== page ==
|Author(s):||B. K. Mayala*1, J. Mshana1, V. Nyigo1, A. Mwisongo1|
|Affiliation(s):||1Health Statistics and IT, National Institute for Medical Research, Dar Es Salaam, United Republic of Tanzania|
|Keywords:||Human Resource for Health, Health worker Retention, Spatial data, GIS|
The study of spatial distribution of disease and health-related events in populations is a powerful tool for setting priorities for investigation, planning and control. Understanding the availability of basic services in a community is important. In Tanzania there is no proper system of collecting and managing data on existence of basic services. Therefore this information is deficient. The small amount of data collected is presented in a format that doesn’t reveal any spatial distribution of these services, such as where and how to access them in terms of distance.
For each district visited, we assessed the various kind of basic services available in that particular area. Then a hand held Global Positioning System (GPS) was used to determine the geographic locations of those services, this includes health care, bank, water source, post office, police post, shops/open market location, schools and bus stops. ArcGIS 9.2 was used for spatial analysis of basic services; we had to make sure that the geocoded data are converted into a format that is compatible with ArcGIS. Therefore, data for the various services was converted into dbase format, where by database tables were created. These tables were then imported into a file geodatabase generated using ArcCatalog. Point maps were generated using ArcGIS, and then joined with other map layers so as to perform GIS analysis. The appropriate GIS analysis methods looked in this research are Buffer analysis and Point distance analysis which have potentials to determine at what distance a health worker could access the basic services in their respective districts.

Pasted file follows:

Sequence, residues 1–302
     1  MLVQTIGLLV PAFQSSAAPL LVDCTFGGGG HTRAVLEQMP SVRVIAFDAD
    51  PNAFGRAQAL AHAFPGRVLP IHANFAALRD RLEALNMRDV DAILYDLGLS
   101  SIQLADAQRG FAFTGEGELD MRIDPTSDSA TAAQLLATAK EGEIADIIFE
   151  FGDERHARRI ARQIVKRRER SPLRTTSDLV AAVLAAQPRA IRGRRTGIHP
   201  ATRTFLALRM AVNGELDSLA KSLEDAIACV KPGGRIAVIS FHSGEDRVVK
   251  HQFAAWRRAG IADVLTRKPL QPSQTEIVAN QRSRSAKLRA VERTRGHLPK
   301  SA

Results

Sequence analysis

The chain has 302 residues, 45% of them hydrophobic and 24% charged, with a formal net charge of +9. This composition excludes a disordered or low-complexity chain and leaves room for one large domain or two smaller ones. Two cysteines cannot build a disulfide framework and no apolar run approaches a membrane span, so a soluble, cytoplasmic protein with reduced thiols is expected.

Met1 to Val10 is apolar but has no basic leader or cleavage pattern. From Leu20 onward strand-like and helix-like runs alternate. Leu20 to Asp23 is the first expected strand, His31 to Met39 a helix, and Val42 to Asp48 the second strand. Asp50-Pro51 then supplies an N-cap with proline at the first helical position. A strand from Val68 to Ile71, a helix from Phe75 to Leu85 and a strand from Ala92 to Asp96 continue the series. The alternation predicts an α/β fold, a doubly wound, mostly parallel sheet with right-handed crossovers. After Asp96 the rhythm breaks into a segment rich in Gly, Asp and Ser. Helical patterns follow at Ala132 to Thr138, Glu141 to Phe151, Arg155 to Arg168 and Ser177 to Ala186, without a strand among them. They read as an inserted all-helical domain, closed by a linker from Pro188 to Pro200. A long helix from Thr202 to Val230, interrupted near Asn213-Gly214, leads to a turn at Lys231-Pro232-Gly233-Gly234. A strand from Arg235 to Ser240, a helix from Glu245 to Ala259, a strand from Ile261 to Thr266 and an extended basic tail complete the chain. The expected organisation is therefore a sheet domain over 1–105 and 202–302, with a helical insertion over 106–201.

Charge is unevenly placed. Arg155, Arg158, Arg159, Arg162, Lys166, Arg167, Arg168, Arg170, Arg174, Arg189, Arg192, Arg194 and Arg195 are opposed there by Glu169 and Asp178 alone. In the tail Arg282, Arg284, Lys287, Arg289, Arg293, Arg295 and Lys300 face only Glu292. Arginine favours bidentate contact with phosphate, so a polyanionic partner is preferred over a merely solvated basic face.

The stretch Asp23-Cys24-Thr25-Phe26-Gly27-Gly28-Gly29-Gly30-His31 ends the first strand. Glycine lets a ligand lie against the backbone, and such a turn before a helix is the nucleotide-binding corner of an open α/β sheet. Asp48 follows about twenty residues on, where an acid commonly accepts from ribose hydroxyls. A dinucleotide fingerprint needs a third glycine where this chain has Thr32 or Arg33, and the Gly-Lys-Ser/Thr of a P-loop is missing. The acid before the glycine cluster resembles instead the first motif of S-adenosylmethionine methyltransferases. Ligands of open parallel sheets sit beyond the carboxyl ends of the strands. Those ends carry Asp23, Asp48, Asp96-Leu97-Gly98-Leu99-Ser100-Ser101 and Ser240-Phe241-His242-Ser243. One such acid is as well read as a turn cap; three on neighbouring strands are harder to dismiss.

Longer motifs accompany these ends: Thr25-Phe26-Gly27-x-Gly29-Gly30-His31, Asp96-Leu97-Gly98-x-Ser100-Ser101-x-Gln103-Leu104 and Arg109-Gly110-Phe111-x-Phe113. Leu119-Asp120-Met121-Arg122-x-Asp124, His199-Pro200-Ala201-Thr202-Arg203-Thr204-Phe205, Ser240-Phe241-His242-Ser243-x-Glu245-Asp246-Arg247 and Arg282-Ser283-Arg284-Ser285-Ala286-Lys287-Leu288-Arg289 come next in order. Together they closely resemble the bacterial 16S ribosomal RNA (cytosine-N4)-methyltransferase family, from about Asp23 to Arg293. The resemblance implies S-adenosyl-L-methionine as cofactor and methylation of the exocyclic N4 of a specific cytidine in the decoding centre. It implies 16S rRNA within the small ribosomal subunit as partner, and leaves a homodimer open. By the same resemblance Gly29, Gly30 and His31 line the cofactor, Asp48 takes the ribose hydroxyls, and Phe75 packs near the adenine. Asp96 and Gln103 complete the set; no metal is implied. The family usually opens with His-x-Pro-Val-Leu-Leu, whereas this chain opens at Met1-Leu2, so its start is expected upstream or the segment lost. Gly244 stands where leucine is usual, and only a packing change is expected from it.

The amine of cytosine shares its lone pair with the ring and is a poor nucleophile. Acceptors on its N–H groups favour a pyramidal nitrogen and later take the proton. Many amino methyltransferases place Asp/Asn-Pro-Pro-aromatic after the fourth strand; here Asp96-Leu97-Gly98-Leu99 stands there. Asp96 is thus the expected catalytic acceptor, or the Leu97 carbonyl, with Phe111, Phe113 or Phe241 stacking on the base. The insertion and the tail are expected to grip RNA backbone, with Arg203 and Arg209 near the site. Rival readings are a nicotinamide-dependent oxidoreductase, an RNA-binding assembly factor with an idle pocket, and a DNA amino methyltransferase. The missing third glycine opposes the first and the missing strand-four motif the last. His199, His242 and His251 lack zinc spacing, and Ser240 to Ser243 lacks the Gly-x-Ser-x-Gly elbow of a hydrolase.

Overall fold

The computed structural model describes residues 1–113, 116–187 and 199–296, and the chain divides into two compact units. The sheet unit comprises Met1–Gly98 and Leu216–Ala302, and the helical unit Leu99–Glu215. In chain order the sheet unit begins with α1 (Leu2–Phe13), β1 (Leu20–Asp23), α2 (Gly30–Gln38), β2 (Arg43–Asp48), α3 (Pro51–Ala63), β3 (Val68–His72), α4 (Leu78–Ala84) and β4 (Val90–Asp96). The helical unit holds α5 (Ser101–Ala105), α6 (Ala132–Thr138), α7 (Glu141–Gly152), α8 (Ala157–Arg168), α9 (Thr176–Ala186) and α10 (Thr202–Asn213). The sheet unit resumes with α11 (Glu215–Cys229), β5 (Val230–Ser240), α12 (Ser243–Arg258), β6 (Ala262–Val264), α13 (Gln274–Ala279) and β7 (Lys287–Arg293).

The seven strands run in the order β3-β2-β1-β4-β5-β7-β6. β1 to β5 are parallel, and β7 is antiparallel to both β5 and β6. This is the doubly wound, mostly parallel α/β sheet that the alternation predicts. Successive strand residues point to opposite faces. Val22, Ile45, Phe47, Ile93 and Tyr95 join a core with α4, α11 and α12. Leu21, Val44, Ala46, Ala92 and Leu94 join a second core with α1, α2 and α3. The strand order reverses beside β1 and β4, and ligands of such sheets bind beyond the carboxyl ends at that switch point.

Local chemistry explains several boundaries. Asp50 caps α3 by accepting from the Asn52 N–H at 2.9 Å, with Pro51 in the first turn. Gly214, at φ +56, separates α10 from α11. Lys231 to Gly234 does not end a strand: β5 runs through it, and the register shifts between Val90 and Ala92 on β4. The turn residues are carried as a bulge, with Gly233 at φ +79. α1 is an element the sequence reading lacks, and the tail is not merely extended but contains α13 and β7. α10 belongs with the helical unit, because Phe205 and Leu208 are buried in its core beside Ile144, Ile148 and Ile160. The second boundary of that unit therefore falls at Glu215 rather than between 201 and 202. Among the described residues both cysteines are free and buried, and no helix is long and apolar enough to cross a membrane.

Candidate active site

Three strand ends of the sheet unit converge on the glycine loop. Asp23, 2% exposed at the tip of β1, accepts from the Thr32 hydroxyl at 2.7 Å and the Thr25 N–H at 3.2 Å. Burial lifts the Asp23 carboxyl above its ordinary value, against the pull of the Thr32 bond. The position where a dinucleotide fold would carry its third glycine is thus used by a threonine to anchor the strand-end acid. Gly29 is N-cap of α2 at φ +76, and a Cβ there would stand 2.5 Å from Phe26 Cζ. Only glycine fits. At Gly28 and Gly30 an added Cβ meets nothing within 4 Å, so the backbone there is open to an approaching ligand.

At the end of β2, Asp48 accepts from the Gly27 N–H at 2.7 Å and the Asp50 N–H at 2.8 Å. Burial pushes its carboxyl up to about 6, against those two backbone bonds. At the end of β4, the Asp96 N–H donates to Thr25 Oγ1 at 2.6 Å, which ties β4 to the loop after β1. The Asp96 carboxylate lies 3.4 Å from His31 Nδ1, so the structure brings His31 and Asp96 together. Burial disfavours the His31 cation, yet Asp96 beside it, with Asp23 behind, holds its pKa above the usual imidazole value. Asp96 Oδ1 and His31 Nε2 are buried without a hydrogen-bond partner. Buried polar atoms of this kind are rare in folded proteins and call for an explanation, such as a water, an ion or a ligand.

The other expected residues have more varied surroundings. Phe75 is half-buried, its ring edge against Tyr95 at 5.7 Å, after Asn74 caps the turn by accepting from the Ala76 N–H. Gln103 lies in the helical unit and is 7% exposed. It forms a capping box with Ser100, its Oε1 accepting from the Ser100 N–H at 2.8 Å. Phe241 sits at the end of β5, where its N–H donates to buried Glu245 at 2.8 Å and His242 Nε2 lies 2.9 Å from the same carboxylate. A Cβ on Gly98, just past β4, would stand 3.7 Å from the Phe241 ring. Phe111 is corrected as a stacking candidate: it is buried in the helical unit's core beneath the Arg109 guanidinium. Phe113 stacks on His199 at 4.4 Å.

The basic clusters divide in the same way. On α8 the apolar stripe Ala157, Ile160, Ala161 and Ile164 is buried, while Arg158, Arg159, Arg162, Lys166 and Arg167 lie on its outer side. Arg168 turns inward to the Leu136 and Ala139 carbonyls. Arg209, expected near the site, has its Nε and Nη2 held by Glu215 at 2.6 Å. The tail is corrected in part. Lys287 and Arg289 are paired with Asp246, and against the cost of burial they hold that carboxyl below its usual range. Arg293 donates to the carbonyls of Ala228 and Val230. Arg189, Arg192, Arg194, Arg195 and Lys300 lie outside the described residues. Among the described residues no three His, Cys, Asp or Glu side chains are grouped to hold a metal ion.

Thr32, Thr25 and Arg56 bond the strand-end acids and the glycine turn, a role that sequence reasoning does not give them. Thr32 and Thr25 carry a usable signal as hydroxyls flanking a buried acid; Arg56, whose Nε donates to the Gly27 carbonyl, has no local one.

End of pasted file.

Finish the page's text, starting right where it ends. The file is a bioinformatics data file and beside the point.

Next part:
Using the GIS data analysis tools, it was observed that most of the health facilities visited in some districts had neither piped nor well water. Results from this analysis revealed that some health worker can walk a long distance (up to 10km) to access water.